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Depleted Uranium: All the questions about DU and Gulf War Syndrome are not yet answered

For 15 years, the debate about depleted uranium (DU) and its detrimental effects on the health of veterans of the Gulf War of 1991, on the Iraqi people and military (and subsequently on the people of Kosovo, Afghanistan, and Iraq during the second war) has remained unresolved.
21 November 2006 - Dr Rosalie Bertell

Meanwhile, the number of Gulf War veterans who have developed the so-called Gulf War syndrome has risen to about one-third of the 800,000 U.S. forces deployed, and unknown proportions of those involved in the subsequent wars. Uncounted civilians and personnel of other nations that fought in Iraq and other wars since 1991 have also been afflicted. The veterans have suffered from multiple serious physiological disorders and have received little or no official recognition, medical relief, or compensation. We need to take another look at this issue, using a holistic and interactive model for the toxic matrix of exposures, identifying the major roadblocks to resolving the scientific questions, and finding appropriate medical and political responses. This commentary is such an attempt.

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The following is a summary of the paper written ICBUW Science Team member Gretel Munroe:

A Commentary on “Depleted Uranium: All the Questions About DU and Gulf War Syndrome Are Not Yet Answered” by Dr. Rosalie Bertell, a paper published in The International Journal of Health Services 36(3), 503-520, 2006

In this paper, Dr. Rosalie Bertell, an epidemiologist with 30-years experience in the field of low level radiation, discusses the radioactivity and the high chemical toxicity of depleted uranium, its potential for harm and various disease states that DU exposure may lead to. She does this against the background of the methodology of the International Commission on Radiological Protection (ICRP) which has advised governments and agencies on radiation standards. Central to Dr. Bertell’s paper are the physical ailments oft veterans from the 1991 Gulf War and the possible role that DU exposure has had in these illnesses.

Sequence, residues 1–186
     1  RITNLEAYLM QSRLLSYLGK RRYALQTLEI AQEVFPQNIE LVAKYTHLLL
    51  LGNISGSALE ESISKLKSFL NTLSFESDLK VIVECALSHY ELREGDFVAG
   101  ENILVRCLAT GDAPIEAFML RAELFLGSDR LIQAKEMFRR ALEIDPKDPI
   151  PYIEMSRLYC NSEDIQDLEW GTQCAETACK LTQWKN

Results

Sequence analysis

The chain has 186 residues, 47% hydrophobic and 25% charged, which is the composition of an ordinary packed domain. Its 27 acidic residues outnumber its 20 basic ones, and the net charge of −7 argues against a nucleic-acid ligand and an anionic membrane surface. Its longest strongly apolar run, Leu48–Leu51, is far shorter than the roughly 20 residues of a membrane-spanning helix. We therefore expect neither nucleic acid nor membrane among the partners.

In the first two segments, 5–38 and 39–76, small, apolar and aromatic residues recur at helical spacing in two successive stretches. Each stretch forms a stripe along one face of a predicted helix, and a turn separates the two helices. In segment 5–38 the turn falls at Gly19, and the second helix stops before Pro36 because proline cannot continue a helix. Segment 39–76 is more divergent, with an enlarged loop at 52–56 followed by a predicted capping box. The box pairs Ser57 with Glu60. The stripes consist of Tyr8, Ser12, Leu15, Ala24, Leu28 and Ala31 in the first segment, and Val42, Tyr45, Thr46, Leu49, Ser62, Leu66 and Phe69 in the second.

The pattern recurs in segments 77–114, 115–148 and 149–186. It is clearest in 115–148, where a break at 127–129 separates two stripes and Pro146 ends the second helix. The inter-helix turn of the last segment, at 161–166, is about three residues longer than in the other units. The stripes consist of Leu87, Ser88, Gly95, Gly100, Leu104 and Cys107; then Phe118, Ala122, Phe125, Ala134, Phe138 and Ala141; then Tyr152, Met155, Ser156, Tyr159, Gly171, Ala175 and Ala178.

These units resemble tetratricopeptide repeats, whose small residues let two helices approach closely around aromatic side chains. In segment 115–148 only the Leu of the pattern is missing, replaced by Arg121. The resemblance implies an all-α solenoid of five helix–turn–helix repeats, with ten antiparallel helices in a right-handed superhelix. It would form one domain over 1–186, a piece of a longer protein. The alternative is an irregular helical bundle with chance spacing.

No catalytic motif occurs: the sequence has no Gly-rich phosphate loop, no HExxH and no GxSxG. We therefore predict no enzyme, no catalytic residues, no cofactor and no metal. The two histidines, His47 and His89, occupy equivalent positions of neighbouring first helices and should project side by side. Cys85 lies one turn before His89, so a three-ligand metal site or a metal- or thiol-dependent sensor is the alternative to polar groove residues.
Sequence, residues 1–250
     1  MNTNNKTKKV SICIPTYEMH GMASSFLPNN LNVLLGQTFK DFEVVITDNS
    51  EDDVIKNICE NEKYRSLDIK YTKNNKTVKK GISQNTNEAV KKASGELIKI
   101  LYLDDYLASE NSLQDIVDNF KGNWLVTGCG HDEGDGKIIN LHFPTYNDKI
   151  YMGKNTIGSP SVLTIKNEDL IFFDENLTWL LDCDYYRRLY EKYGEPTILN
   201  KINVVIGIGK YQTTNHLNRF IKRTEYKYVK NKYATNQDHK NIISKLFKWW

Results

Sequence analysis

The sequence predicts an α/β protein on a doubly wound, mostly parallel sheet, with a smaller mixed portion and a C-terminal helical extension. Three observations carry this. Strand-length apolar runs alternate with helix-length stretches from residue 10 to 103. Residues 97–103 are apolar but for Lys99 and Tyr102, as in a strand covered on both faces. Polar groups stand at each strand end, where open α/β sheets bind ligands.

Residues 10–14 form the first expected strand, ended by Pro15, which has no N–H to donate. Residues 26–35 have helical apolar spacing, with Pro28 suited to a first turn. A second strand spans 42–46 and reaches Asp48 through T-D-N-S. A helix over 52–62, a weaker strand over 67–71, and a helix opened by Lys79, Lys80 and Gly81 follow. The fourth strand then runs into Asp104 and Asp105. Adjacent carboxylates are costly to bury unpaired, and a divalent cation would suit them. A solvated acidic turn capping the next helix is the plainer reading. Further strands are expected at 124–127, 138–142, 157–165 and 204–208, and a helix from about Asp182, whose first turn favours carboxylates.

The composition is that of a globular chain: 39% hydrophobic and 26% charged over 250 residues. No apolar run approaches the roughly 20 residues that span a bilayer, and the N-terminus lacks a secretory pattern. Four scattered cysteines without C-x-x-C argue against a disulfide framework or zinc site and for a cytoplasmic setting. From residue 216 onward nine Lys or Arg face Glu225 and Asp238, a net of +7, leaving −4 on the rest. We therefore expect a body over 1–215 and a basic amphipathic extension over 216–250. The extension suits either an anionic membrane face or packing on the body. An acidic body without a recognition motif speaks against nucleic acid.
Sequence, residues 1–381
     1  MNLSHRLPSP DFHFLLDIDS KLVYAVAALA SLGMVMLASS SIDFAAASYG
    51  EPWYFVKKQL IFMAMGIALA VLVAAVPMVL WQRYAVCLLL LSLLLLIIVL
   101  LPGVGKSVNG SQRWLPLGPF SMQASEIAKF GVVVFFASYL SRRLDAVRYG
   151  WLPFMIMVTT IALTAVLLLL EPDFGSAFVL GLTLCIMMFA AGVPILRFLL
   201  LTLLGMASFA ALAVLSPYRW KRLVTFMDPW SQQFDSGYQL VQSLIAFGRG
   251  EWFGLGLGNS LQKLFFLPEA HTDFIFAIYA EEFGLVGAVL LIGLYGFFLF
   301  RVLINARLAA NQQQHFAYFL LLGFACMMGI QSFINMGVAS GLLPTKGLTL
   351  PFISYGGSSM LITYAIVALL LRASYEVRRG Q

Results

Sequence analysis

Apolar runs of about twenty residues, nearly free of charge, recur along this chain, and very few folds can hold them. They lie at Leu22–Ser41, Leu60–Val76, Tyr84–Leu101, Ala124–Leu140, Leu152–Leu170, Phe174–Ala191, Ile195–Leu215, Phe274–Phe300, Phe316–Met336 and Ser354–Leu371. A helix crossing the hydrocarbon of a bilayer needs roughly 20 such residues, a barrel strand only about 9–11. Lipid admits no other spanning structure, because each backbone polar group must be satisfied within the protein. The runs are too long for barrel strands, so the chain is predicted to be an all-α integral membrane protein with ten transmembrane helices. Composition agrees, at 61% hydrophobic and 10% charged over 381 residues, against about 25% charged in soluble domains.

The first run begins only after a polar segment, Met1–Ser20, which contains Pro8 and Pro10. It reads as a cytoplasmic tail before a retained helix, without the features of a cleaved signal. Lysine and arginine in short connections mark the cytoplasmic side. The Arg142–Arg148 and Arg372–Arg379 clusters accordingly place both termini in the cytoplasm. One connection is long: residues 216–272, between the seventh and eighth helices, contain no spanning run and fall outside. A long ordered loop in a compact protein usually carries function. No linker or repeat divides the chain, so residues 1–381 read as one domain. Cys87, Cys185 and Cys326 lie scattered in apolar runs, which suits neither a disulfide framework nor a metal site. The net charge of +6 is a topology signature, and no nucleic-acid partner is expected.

The ICRP methodology is based on a mathematical model which predicts risk of cancer deaths through the analysis of radiation dose-response. The model estimates damage to cellular DNA as created by the uniform spreading of ionizing radiation over a tissue or organ. Once having determined the average radiation spread over, say, an organ, the ICRP gives that organ a certain weight allowing the model to approximate whole body exposure. A risk formula then estimates the number of cancer deaths that will result. If the formula gives a small number of expected cancer deaths, this is deemed of little importance. Bertell says, “This ICRP methodology assumes the affected persons care only about cancer death, that they have normal physiological health and intact cellular repair systems, and that no other life-threatening exposures confound the radiation experience”. (DU causes harm through its chemical toxicity as well as its radioactivity, and the former is not taken into account in determining risk of cancer deaths by the ICRP model).

Bertell deals first with DU’s radiation. DU is primarily an alpha emitter. The full radiation effect of DU occurs six months after its production, when together with two chief decay products DU gives off its maximum amount of alpha, beta and some gamma radiation – although Uranium 238 (of which DU is mainly composed) –gives off most of the alpha radiation.

One milligram of U-238 can give off 1,071,000 alpha particles in one day. Each alpha particle releases over 4 MeV (million electron volts) of energy, in a spherical direction, which will hit cells randomly up to 6 or so cells away in an organ or tissue. Just 6-10 eV (electron volts) are needed to cleave the nuclear DNA strand in a cell.